Early on in Pushing Tin, a swotty 10-year-old on a school visit lists the joys of a career in air traffic control - - namely the high incidence of nervous breakdowns, depressive illnesses and suicides. Translate the hundreds of little blips on their screens into actual planes and it quickly becomes clear why this should be. Have a bad day as a traffic warden and people shout at you. Have a bad day as an air traffic controller and it'll be raining bodies downtown.
Not a place for the fainthearted then, and the first 20 minutes introduces a barrage of characters who are hyper on too much coffee, not enough sleep and the unshakable conviction that they are the super-smart ones, while pilots are bovine button-pushers to be herded around the sky. Ever been worried about air transport in the past? Then here's a whole new realm of paranoia to get into John Cusack nabs much of the screen time, and his character is anamalgamation of all the fast-talking charmers he's played in everything from The Sure Thing to Grosse Pointe Blank. He's in every scene, and even if you can't understand much of what he says (most of the jargon-heavy dialogue in the TRACON scenes is unintelligible), you always get the drift of his fast-patter rants.
The strong emphasis on Cusack leaves all the other actors to fight over the scraps. As the calculating, monosyllabic Bell, Thornton is a perfect opposite of Cusack's rapidly unwinding pressure-cooker character, but he vanishes for whole sections of the narrative. Similarly, Mrs Bell (Jolie) and Mrs Falzone (Blanchett) pop up only when needed.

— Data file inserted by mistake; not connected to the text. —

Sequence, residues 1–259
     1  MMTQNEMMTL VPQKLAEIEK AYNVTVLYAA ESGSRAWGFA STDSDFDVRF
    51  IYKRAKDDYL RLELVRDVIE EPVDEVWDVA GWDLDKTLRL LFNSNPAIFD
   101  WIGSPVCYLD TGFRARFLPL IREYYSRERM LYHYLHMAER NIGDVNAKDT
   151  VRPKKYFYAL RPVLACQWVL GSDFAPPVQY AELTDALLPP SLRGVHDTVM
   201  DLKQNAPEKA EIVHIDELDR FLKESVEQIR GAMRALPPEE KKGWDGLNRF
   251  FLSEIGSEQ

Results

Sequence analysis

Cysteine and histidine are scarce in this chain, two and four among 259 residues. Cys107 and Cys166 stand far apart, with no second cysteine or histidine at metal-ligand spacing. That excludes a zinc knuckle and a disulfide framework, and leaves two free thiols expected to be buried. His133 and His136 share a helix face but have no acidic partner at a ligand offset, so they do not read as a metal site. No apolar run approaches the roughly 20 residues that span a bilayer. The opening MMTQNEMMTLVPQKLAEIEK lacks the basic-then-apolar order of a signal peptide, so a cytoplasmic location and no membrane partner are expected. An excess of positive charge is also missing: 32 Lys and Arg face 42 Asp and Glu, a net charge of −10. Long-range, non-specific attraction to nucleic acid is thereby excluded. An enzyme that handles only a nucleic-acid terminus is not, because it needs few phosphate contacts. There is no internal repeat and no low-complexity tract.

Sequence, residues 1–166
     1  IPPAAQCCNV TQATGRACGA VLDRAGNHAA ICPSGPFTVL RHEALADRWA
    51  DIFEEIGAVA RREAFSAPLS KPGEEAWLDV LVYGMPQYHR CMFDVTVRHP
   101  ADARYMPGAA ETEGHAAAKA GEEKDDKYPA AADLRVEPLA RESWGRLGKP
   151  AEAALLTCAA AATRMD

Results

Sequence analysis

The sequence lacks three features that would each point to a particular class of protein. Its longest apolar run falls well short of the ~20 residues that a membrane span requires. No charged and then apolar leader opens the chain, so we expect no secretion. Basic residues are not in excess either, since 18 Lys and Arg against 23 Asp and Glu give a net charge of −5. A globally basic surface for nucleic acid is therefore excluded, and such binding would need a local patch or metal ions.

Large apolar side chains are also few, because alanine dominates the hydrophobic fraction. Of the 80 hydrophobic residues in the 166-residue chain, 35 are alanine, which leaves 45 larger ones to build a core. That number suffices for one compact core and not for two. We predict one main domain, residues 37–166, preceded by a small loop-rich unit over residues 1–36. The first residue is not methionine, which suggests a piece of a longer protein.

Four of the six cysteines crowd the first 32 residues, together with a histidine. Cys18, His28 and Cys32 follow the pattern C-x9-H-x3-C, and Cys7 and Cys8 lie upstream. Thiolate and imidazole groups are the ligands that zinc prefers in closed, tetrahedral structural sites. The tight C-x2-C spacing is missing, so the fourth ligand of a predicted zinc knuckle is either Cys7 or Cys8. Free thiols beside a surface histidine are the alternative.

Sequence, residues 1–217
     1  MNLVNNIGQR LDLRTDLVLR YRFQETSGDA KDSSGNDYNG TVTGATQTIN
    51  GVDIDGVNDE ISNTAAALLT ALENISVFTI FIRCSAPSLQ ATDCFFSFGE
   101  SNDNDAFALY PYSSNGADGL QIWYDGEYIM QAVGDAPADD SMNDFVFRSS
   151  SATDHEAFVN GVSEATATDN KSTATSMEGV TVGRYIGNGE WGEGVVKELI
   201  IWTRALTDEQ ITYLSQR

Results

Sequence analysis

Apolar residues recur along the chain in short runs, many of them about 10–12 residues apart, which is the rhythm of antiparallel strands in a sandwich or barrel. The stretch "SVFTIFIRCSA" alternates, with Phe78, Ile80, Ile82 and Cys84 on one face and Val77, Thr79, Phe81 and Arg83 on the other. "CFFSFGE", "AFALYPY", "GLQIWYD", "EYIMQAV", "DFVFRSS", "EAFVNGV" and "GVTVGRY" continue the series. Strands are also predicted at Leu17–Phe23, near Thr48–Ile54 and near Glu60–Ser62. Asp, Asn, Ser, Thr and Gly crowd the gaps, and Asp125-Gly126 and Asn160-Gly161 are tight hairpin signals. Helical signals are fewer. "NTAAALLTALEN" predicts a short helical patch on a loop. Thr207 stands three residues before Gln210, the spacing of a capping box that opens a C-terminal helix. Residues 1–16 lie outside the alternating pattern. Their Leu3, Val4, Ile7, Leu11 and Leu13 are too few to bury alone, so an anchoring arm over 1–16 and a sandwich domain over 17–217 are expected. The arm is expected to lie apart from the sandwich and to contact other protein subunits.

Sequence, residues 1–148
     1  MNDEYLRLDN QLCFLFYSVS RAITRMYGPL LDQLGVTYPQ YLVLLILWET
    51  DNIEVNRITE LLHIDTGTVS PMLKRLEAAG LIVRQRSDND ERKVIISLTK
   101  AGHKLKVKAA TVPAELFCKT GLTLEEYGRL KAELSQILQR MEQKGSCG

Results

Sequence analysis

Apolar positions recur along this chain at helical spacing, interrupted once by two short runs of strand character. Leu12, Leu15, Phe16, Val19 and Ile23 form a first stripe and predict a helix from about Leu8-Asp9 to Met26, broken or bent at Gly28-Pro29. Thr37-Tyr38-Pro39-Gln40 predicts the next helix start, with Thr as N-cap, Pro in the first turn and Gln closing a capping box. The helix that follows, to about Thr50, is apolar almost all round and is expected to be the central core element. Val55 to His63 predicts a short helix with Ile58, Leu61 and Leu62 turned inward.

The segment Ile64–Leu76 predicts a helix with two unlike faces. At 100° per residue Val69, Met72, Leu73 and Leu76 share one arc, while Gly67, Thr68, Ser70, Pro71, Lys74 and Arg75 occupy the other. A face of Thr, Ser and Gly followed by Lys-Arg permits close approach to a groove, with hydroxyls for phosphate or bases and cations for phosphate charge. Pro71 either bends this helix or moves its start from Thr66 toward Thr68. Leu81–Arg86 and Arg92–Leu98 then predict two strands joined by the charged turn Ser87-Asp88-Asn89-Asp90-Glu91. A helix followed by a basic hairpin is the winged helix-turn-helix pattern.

And it's this choppiness that forms the heart of Pushing Tin's problems. Were it simply a tale about a man succumbing to the stresses of his high-tension job, the breakdown of his marriage, or his rivalry with a co-worker, then it would have had a positive narrative thrust. But it's about all of these, with jokes, incidental characters and back stories which are meant to flesh out the insular TRACON world all piled on. Ultimately, it makes Pushing Tin ill-defined and 30 minutes too long.
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Pushing Tin is interesting only when the characters are under pressure. At other times, the story unravels into a mish-mash of forced bravado, dragging the film down. Fortunately, it's just about rescued by good performances.